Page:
The Process Employed By A Group To Develop New Leaders
Great Leaders develop new Leaders
While leadership is critical to all Groups, Leaders are always in short supply in most Groups because only a few Groups employ a systematic Leadership Development Process. What separates those few Groups from the rest is simple: they are led by great Leaders.
Great Leaders are intent on leaving a legacy that will resound to their Groups’ Advantage long after they have gone. Knowing their leadership tenure is limited by human mortality, they get prepared for the expected event of their departure by developing new Leaders. Because they cannot predict the precise time of their departure, they stay ready for the unexpected by ensuring that the Leaders they develop are ready right now instead of sometime tomorrow. Great Leaders are constantly working themselves out of a job.
Great Leaders develop new Leaders systematically, through an LDP that is tailored to the needs of the Groups they lead. They see this as a primary part of their responsibility as a Leader, not something they also do if they can find the time.
For great Leaders, developing new leaders is leadership, of the highest caliber.
The LDP has four steps: schooling, apprenticeship, opportunity and failure
Healthy Communities, Effective Organizations and dynamic Teams each employ some form of an LDP that is periodically adjusted to suit their unique need for Leaders and the manner by which they develop them. While every LDP reflects the purpose and character of the particular Group in which it is housed, every useful process has a form of the same four components:
– First there is some kind of Schooling , the didactic instruction that the potential Leader receives on the timeless fundamentals of leadership.
– The second component is Apprenticeship , where the new Leader is given the chance to develop the skills he learned from his Schooling under the watchful eye of a more experienced Leader.
– Third comes Opportunity , the chance for the growing Leader to put what he has learned into practice under conditions where he is directly responsible for the outcome. While Schooling + Apprenticeship creates a Leader with the potential to be Effective, Opportunity is the required element for the man’s skill to become kinetic and have actual impact on his Group.
– The fourth component is Failure . A Lizard uses its LDP to intentionally court minor disaster in order to fully develop its Leaders, because it is from Failure that Leaders learn the most. Success teaches far less because it does not isolate what works from what does not the way Failure does.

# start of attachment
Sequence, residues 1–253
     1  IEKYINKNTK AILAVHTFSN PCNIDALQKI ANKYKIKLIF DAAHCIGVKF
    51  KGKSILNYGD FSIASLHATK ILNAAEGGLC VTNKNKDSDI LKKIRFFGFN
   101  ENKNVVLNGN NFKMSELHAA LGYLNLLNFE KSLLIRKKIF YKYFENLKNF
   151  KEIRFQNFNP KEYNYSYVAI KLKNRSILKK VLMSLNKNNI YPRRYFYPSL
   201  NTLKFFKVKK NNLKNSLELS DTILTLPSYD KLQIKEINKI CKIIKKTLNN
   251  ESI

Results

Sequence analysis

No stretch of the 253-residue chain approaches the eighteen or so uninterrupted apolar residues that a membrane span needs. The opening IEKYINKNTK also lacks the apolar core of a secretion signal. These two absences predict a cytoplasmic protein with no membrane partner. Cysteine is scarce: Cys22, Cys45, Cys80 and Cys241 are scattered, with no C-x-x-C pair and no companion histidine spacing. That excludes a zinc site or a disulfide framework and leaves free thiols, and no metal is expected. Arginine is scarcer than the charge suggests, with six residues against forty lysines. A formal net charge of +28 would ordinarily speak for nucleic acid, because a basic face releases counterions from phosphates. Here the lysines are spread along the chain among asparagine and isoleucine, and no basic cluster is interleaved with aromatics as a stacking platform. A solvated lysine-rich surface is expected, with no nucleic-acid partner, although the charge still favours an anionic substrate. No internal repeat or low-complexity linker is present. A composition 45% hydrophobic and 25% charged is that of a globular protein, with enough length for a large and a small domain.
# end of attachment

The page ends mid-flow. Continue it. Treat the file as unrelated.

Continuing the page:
The LDP depends upon decentralized execution to a central purpose
F3 is an Organization whose purpose is to invigorate male Community leadership. Not surprisingly, since our Mission is leadership development itself, F3 needs a very deliberate Leadership Development Process to be Effective.
However, because the Organization is comprised of thousands of small Teams which are not in Proximity, that deliberate process cannot restrict the individual initiative and genius of its Leaders. We are absolutely dependent upon our great Leaders to be about the business of developing our new Leaders. The execution of the LDP is in their hands because it is their hands that are physically upon the new Leaders.
As a result, we do not dictate the precise manner in which our Leaders are to execute F3’s LDP but rather encourage and focus them upon our central purpose. They must know the why of the LDP before they can perform its what. Also, they must be affirmed in their efforts to be incentivized to continue them.
This model, decentralized execution toward central purpose, is not something unique to F3 or a theory that we invented. It is the LDP-methodology employed by the great Leaders of healthy Communities, Effective Organizations and dynamic Teams and always has been.
So does Jack Welch score poorly as a leader? GE value declined by over 50% from the time he retired until today. He may have been a good leader but it appears he may not have been a great leader because the organization he helped build has stumbled since he left.
One could make that argument.
In your Sua Sponte Leadership post you give an illustrations of a coach and point guard with four possible situations with two possible outcomes (win/lose). The game is either won or lost by the point guard by either adhering to the leadership of the coach, or not. The coach is not responsible for the final outcome as it still requires the guard to make the shot, but also requires for an unpredicted outstanding defensive play by the opponent (an environmental factor).
Welch may have done everything in his power to instill proper leadership principles to his successor (Jeffry Immelt), but has Immelt followed the same philosophy as Welch? If not, that’s not Welch’s fault. If he has and the results are still loss of value, it’s still not necessarily Welch’s fault anymore than it’s not the coach’s fault if the guard calls the right play and still misses the shot or is met will outstanding defense. Instead of looking at the outcome of a single company to grade Jack Welch as a leader it would be more appropriate to look at the aggregate outcomes of the graduates of the Jack Welch Management Institute.